The Evangelical Universalist Forum

If God values free will...

Many would agree with the gist of that. For example the following thread i’ve been reading recently, especially posts by “Jason0047”: … m.8024186/

I like the forum chap, with the Bugs Bunny avatar, called jimmyjimmy - Pardoned Rebel :smiley:

Can it be shown that there is ‘nothing in between’ determinism and LFW? No. A case has been made for each, and the other side has not been able to demolish it.
I realize that LFW is the lynch-pin of certain theodicies, most notably as put forth by Plantinga. And he makes a good case in his attempt to address the Problem of Evil; however his Free Will Defense is only as strong as its weak link, which is the unprovable LFW axiom.
All that being said, I lean (slightly) toward LFW, but it’s a matter of taste, not of necessity.

Actually, Dave - from the standpoint of professional philosophy at, they have this outlined discussion:

I’ve read a lot of professional philosophy, from the pre-Socratics to the present over the past 35 years or so, still haven’t spotted that elusive proof. Of anything. :smiley:

If you make a salve of Limburger cheese…like Curly does in the Three Stooges… rub it all over the body…and walk into a sauna…I can prove that you will have the sauna - all to yourself. :laughing:

That was YOU that grossed us all out the other day? :laughing:

Apropos to the discussion of free will and other philosophical knots, here’s a note from MavPhil today:

begin quote
"Philosophers contradict one another, but that is not the worst of it. The grandest philosophical conclusion is and can only be a proposition about reality and not reality itself. But it is reality itself that we want.

Can religion help? Its motor is belief. But belief is not knowledge, either propositional or direct. And if an appeal to divine revelation is made, then the question inevitably arises: how does one know that a putative revelation is genuine?

If you certify the revelation by appeal to the authority of your church, then I will ask how you know that your church is the true church. After all, not every Christian is Protestant or majuscule-‘o’-Orthodox . Are those stray dogs who refuse Rome recalcitrant rebels who simply reject the truth when it is plainly presented to them? I think not.

The motor of philosophy is discursive reason. The motor of religion is belief and obedient acquiescence in authority. Neither Athens nor Jerusalem seems to be a wholly satisfying destination. Nor is straddling them with a leg in each a comfortable posture.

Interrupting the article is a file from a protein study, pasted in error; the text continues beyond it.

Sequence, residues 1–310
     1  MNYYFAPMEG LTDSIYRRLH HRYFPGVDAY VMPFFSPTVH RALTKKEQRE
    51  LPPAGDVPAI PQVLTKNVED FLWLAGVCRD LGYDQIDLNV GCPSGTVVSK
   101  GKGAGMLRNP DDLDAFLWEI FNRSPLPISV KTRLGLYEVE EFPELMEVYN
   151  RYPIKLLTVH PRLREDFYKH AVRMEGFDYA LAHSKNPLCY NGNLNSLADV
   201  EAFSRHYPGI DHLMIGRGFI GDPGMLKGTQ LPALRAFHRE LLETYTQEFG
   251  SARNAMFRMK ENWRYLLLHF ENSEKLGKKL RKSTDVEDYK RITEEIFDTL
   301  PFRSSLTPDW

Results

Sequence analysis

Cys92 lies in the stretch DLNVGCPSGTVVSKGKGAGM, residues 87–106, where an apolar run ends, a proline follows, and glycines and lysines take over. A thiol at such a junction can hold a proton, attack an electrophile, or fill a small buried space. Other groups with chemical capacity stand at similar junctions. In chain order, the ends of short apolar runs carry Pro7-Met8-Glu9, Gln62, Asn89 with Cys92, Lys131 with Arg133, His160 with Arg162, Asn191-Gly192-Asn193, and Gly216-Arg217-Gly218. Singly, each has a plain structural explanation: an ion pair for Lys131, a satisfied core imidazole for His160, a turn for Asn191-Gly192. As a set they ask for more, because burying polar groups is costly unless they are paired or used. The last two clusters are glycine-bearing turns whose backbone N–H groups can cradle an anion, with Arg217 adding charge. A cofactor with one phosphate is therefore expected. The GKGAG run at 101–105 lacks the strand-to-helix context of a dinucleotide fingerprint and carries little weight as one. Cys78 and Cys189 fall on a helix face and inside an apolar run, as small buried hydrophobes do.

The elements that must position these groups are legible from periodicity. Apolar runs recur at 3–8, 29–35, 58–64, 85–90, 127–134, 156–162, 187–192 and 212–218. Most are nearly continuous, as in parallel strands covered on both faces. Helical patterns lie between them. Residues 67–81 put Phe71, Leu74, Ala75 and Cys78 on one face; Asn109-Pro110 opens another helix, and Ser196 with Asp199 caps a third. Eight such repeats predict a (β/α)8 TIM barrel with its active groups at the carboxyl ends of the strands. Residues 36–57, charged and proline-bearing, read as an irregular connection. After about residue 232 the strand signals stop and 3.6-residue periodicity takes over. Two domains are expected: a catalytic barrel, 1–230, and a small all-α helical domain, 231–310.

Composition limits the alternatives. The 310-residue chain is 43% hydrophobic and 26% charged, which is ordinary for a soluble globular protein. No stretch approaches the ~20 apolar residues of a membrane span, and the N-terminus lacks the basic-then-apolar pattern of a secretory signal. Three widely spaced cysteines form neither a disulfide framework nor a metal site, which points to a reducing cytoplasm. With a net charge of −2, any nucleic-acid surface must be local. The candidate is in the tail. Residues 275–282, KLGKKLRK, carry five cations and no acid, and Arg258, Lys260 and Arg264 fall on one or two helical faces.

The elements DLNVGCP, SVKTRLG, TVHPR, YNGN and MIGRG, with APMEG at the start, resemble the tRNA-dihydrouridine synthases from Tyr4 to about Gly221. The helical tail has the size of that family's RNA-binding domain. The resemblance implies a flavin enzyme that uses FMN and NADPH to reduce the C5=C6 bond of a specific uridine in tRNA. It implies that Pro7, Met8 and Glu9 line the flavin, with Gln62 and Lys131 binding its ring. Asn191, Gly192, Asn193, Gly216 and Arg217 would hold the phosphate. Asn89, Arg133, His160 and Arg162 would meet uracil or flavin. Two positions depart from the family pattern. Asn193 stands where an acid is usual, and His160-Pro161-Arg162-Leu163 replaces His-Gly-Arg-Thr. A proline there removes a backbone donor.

That leaves Benares.

The motor of mysticism is meditation. Its goal is direct contact with ultimate truth. Direct: not discursive or round-about. Direct: not based on testimony.

So should we pack for Benares? Not so fast. It has its drawbacks." - end quote

Well, Dave. You mention philosophy, reality and mysticism. I look at theology, philosophy and mysticism - as tools - to understand reality…And our place in it.

In fact, I distinctly remember a philosophy professor at College of Dupage. She had been ordained at a seminary. But was working towards a PhD in philosophy. In order to better defend the Christian faith. Very interesting.

And that brings up to Immanuel Kant - who is a personal favorite of mine (from

Perhaps - in Mexico - instead of a philoosphy professor, we should seek out a Nagual (see

A Nagual would have a different perspective…then the ordained seminary Christian…who would soon have a PhD in philosophy. But both have their place.

Just like I studied with the academics (i.e. philosophy, theology, literature and psychology)…the Native American medicine men and women…and true saints from the east…

I visited an Anglican church, that also has a Charismatic component. In other words, they believe in the gifts - of the spirit. Actually, I hung around a Roman Catholic priest, who had the gift of healing and hearing God speak. He has since moved to Wisconsin - a different state. Anyway, I did enjoy the service. And will probably go back. They also bought a former manufacturing plant. And converted it to a church.